Monday, November 4, 2013

From the Coach's Perspective

Triathletes may not have a stage as big as the World Series, but we do have a World Championships that takes place in Hawaii every October. Two Tallahassee triathletes competed there this year, Colin Abbey and Kate Harrison. They both share a coach, Chuck Kemeny, who travelled to Hawaii to watch them compete. Kemeny himself raced Hawaii a few years ago, so he is familiar with the course, logistics, and excitement associated with an event as competitive as the World Championships. Here is a little of what he had to say about his experience on the coaching side of the sport, rather than the athlete side.
R-L: Shannon Coates, Colin Abbey, Kate Harrison
SG:  How do you think your experience racing Kona helped you as a coach to your athletes racing there? 
CK: Having raced Kona before allowed me to prepare them for the environment. Kona provides the perfect storm as far as race conditions go. You have very hot temperatures and humidity is always high. Knowing this, I was able to instruct them what parts of the course to ride/run and what time prior to race day. The time of day is important as you want them to get a feel for the heat and winds during certain sections of the course. 
Most importantly, I was able to prepare them for the energy of Kona during race week. During race week you get not only the athletes competing, but hundreds more elite athletes coming to watch. Collectively this adds up to a few thousand very elite athletes working out at all times of the day at varying intensities. Going there for the first time it is very intimidating as you start to question what you are doing and why people are working out so hard leading into the race. Reality is that the vast majority of the people putting in major miles at high intensities are not racing. I believe I was able to prepare them for this and keep their head in the game.

All Done! R-L: Shannon Coates, Chuck Kemeny, Colin Abbey

SG: What assistance were you able to provide on race day?
CK: I met up with my athletes in the morning prior to the race to make sure they were all set for the race. Coaches are not supposed to be on the course other than as a spectator so I was not able to advise them once the race started. My role race day was to track my athletes and support their families.
SG: What did you notice as a spectator that you missed out on as an athlete?
CK: As an athlete, you do not truly appreciate the sacrifices your family makes for you to be there racing. I was able to witness the highs and lows of both Colin's and Kate's families throughout the race. I was there to give them good and bad news throughout the race as we watched splits get updated on the athlete tracker. I know as a coach I was much more vested and worried throughout the race than I was when I raced it. Even though I knew that I had given my athletes the proper training and advice, it is what you cannot prepare them for that worries you.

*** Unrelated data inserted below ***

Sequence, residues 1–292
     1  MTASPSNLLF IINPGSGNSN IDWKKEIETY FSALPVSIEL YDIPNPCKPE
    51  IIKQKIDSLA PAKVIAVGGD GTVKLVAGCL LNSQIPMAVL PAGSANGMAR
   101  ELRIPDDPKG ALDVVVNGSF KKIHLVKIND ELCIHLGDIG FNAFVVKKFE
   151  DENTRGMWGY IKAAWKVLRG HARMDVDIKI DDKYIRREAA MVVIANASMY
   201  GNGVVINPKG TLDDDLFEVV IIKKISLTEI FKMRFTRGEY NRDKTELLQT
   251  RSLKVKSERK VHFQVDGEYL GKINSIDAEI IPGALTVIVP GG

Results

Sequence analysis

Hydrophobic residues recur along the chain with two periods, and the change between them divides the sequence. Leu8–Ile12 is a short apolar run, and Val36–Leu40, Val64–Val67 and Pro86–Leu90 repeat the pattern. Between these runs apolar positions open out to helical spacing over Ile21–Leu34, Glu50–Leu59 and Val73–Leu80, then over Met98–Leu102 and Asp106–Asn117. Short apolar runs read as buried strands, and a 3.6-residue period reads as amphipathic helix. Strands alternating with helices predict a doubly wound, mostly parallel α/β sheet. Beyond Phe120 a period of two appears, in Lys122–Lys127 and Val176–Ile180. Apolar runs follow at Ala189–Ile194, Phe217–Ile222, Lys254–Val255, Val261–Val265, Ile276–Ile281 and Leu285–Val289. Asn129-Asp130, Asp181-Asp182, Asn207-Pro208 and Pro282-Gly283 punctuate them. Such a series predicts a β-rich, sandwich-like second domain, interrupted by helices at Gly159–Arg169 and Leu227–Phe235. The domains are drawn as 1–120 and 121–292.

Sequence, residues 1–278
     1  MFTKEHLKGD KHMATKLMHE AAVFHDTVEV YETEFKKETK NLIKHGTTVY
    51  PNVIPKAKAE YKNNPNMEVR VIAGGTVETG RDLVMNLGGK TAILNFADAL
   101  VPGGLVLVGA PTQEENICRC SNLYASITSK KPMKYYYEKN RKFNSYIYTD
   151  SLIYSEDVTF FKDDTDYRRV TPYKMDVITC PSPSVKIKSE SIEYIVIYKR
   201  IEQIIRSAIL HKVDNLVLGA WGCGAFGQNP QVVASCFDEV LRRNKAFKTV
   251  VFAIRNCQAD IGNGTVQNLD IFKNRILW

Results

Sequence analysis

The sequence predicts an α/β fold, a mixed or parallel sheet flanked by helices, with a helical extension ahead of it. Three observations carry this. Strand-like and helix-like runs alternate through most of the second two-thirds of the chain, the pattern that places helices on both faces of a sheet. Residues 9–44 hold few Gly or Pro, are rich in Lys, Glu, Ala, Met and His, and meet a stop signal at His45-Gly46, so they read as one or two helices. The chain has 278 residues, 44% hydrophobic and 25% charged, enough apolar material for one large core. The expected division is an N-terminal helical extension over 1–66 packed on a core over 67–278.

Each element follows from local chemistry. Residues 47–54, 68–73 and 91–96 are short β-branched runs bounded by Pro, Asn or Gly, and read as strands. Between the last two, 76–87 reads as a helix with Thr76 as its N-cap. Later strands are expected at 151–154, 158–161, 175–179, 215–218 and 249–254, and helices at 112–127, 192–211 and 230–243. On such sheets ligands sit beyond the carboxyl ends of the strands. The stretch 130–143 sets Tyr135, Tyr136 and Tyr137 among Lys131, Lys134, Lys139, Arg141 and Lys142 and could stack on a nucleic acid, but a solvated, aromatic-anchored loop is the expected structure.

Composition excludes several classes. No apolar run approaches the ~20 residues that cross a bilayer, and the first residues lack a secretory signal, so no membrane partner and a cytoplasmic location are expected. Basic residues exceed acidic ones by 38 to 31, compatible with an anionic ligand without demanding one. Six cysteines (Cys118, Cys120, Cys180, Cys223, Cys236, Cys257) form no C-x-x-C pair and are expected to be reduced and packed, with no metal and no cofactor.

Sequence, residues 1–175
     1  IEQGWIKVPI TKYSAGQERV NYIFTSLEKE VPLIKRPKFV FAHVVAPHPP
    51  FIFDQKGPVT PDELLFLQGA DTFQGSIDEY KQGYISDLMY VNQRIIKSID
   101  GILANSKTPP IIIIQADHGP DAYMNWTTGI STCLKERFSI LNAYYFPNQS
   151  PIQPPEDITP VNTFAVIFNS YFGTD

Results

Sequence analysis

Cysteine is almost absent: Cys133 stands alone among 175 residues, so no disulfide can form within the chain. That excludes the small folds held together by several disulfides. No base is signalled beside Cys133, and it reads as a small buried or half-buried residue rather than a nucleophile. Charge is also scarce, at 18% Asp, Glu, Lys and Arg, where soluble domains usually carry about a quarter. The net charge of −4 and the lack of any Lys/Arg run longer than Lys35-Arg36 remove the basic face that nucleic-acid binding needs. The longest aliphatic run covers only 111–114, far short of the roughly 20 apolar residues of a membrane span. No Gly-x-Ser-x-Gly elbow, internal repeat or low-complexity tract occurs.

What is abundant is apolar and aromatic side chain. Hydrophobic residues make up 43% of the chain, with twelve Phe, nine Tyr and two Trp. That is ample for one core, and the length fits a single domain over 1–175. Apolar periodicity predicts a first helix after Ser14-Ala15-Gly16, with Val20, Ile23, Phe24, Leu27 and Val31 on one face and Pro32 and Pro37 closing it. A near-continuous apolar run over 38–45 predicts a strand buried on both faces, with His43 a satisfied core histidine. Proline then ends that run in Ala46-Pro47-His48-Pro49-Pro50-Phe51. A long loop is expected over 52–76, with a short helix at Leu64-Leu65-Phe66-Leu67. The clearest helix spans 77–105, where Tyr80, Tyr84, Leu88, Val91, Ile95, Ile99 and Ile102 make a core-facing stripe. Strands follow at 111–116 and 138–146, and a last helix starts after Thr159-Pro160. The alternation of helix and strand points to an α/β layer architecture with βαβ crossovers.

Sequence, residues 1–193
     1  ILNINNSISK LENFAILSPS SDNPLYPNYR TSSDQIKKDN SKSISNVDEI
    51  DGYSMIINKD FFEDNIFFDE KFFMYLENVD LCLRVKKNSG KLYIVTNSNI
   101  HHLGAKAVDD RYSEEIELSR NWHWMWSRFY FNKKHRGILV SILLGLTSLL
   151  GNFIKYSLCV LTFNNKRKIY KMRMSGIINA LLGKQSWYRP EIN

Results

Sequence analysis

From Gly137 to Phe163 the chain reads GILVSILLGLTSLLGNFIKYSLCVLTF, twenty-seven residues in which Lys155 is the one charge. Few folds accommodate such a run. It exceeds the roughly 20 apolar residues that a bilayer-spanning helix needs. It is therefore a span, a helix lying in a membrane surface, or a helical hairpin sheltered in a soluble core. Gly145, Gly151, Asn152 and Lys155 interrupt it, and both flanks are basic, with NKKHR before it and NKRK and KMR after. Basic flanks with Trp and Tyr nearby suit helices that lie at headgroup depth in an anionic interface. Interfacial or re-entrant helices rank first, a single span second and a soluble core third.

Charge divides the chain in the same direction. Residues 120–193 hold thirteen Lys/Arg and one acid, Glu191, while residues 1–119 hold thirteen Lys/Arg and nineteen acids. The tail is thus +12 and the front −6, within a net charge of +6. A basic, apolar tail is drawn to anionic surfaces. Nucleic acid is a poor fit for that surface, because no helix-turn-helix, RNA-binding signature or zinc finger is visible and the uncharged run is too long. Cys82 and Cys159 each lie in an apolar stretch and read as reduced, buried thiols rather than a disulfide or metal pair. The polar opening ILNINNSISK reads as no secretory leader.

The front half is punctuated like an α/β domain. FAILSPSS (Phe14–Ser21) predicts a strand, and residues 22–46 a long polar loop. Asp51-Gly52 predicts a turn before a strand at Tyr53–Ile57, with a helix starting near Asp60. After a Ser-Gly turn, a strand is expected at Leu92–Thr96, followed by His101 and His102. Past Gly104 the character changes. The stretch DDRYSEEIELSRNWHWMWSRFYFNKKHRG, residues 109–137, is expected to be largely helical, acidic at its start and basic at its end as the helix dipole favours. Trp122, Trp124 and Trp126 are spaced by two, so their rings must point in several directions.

SG: What was it like not competing?
CK: Not competing was wonderful. I was able to take in the race and the days prior to. I did not have to worry about my sleep schedule, what I was eating, or what I was wearing. I could not have asked for anything more from the race or my athletes. I thoroughly enjoyed playing the role of coach and supporter to my athletes and their families.
SG: How does it feel as a coach to have three people who competed in Kona (Kemeny also coaches former Tallahassee resident Shannon Coates, who also competed in Kona this year)?
CK: How does it feel? To put this in perspective, there are thousands of triathlon coaches. Hundreds of new coaches are certified each year. Most of these coaches will never have an athlete qualify for the Ironman World Championships. Statistically, less than one percent of athletes who compete in an Ironman get a chance to compete in the Ironman World Championships. Having three athletes qualify and complete the race in the same year is surreal to me.

Proud Coach! R-L: Chuck Kemeny, Kate Harrison, Colin Abbey

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